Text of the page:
animal species. No you can test them on humans, which is what has


happened? What we have done, and it is an essential part of all medical


devise regulation, is to ensure there is -- device regulation, is


to ensure there is good follow-up long-term analysis. Were you told


of the change in the design? change of the design would be a


matter for the notified body. that you? No. That is somebody else


is it? We are the notified -- we are the competent authority, the


notified body would assess the procedures. You are not aware of


the changes in design? We are aware of the changes of the design, it is


up to us to assess each change of design. Three of the committee who


did check the design were on the payroll of the manufacturers?


committee who have helped with the guidelines we are talking about


today, was composed of representatives from the British


orthopaedic organisation and the Hip Society, they were not


manufacturer representatives, they were experts in the field. They


worked with data from the National Joint Registry, which is


independent, to devise the best help for patients now. When the


Americans decided that these joints should not be implanted in women of


childbearing age, why didn't you do the same? The evidence on that is


extremely equivocal. Did you think they were being hysterical or


something? The metal-on-metal joint replacements are the most widely


used in the United States. The data on the effects of the metal irons,


to the extent they get into blood, and secondly on the women of


childbearing age, do not allow people to make firm conclusions.


You tried to stop pregnant women from eating certain kinds of cheese,


I suggest you that having a foreign body implanted inside your own body,


with the possible, catastrophic consequences that we know about,


would have been on the precautionary principle, a sensible


thing to do? What we are seeking to do, by monitoring, is to detect


those patients that do generate a raised level of cobalt and chromium


in the blood. Those patients will go on to have further investigation


with a view to removing the joint if it is necessary. We are intent


on protecting patients from the effect of raised metal irons in


blood. This monitoring is with a view to the NHS then paying to have


the things taken out of people, is it? The purpose of the monitoring


is to make sure that in that minority of patients, in whom there


is accelerated wear, the detection of that wear early ensures the


joint can be replaced at a time when it is most satisfactorily done.


What is the costs of removing one? I honestly haven't examined the


costs. We are talking about many thousands of pounds. We are, it is


hugely expensive? Hip joints wear out, it is a general phenomenon of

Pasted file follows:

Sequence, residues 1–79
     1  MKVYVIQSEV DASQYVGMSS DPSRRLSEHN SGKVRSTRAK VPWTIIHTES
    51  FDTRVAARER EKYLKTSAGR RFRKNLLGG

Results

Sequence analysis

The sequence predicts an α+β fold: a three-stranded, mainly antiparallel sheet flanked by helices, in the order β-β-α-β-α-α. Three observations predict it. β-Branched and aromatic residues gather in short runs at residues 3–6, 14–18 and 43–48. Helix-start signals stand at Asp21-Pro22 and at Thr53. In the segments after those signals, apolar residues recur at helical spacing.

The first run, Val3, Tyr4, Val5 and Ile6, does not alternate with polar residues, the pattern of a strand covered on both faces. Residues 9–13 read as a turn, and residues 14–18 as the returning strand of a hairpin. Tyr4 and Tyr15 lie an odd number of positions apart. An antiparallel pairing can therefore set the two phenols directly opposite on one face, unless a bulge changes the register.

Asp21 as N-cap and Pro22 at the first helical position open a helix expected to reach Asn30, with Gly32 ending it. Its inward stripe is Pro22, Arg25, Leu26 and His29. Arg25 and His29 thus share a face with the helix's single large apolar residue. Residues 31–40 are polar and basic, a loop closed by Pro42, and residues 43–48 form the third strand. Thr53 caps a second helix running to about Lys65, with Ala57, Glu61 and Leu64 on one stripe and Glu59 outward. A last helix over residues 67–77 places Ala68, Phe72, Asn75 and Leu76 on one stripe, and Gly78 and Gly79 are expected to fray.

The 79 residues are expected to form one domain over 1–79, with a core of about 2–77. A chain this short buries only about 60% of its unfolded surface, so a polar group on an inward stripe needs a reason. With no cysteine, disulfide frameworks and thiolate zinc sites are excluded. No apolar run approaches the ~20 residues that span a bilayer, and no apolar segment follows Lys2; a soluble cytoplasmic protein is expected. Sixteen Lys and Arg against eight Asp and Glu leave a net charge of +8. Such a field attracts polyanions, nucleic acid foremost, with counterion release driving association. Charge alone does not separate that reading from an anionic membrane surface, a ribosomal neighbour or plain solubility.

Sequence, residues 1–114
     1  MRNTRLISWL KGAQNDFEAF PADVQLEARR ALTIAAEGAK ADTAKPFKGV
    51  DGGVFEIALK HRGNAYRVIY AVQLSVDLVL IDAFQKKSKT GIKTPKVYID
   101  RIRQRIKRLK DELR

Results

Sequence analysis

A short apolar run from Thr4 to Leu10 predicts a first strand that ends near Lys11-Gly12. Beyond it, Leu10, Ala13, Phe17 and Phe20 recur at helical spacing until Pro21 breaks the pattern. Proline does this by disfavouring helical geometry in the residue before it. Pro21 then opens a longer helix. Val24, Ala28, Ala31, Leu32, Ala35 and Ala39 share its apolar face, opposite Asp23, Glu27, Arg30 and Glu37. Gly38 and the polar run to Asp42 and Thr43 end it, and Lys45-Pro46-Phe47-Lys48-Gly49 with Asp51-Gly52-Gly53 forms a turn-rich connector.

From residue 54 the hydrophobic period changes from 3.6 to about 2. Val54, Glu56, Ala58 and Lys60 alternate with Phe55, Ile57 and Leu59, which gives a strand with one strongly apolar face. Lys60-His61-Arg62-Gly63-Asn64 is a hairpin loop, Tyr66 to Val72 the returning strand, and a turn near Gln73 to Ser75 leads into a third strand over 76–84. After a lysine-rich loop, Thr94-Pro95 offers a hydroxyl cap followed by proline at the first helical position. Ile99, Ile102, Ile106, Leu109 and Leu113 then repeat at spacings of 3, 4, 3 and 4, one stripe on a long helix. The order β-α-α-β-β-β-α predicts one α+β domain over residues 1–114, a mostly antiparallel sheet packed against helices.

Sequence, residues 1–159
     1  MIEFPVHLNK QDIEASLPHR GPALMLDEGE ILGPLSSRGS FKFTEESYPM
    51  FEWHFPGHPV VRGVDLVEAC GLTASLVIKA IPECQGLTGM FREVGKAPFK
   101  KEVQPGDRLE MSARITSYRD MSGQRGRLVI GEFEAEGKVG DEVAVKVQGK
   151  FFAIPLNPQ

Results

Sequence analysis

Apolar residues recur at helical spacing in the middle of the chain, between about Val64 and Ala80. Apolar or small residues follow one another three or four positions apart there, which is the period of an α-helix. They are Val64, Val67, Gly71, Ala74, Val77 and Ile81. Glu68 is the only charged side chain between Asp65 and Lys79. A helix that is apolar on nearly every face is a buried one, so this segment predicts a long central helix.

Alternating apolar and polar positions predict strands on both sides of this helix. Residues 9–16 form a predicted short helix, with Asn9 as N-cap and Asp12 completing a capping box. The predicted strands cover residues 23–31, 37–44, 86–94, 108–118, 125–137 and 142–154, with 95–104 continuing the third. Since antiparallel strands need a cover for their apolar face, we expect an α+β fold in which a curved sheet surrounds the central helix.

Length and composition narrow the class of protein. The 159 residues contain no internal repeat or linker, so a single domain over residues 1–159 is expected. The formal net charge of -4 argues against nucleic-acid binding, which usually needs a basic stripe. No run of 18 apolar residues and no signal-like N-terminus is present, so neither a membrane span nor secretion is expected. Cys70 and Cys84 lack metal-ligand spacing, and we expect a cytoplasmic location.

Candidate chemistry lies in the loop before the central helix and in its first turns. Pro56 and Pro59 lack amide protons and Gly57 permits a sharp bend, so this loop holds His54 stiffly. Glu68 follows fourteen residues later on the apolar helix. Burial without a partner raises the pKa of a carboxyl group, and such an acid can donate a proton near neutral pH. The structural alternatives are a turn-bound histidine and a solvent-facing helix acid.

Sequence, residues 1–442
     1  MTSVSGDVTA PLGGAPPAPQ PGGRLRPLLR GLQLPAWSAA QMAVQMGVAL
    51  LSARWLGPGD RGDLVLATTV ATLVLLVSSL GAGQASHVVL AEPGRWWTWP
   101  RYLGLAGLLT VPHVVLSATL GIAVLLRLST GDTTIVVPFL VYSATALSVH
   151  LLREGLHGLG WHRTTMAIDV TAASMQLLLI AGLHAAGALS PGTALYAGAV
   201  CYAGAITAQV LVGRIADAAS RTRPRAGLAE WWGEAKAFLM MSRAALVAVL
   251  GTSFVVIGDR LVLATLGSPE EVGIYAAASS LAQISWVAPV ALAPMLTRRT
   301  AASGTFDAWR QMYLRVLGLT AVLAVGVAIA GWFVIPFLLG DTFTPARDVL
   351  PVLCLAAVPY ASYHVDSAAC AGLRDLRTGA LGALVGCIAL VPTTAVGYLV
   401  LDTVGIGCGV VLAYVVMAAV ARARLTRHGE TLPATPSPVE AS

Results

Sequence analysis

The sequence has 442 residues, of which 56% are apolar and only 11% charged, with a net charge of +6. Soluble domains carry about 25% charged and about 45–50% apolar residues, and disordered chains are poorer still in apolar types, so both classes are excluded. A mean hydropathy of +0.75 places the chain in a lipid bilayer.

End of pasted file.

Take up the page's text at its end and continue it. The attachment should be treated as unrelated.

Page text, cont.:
all hip joints f you look at the types of joints developed, most


have been driven by the attempt to reduce the rate that they wear out.


They don't all wear out while poisoning the patient, do they?


point you are raising about poisoning the patient, is exactly


the reason we are setting in place this monitoring arrangement for


patients with this particular type of hip. This time tomorrow night we


will hear from the Health Secretary, as we devote the whole programme to


the controversy surrounding the Government's health bill. The


latest stage of the steeplechase to become the Republican candidate


tole cha eing Barack Obama this year is taking place in Michigan.


Each of the four men left in the race say they will stay the course


until the party convention in the summer. In the meantime they have


all amplely demonstrated that no- one is meaner to a politician, than


one who claims to be on the same side. In a moment I will talk to


the man who thought he could turn his experience in running a pizza


parlour empire to running the United States, but has had to bow


out of the race. Herman Cain was the early Republican pace setter,


who inspired the bumper sticker "the pizza man always delivers".


And deliver, in many ways, Herman Cain did.


After announcing his presidential cadidacy in May last year, he


quickly earned the accolade of most covered candidate in the race. His


unorthodox tendencies had everything the media could ask for.


Whacky, viral ads. We can take this country back.


Foreign policy stumbles. When they asked me who is the President of U-


bek-ebek-beck-stan I will say I don't know, do you.


There was even singing. But he was propelled from businessman to the


frontline. His proposed 9-9-9 tax plan, along with debate


performances confirmed him as the Republican front runner, he briefly


led President Obama in the polls. A stellar record had made his name.


Herman Cain grabbed the opportunity to turn around two floundering


businesses. First, transforming the fortunes of 400 Burger King stores


in Philadelphia, from the least, to the most profitable in the company.


Before saving Godfather's Pizza from bankruptcy. Initial low Cain


managed to dismiss those who criticised his lack of political


experience, he, he said, was part of the solution, and professional


politicians, part of the problem. But ultimately, uncomfortable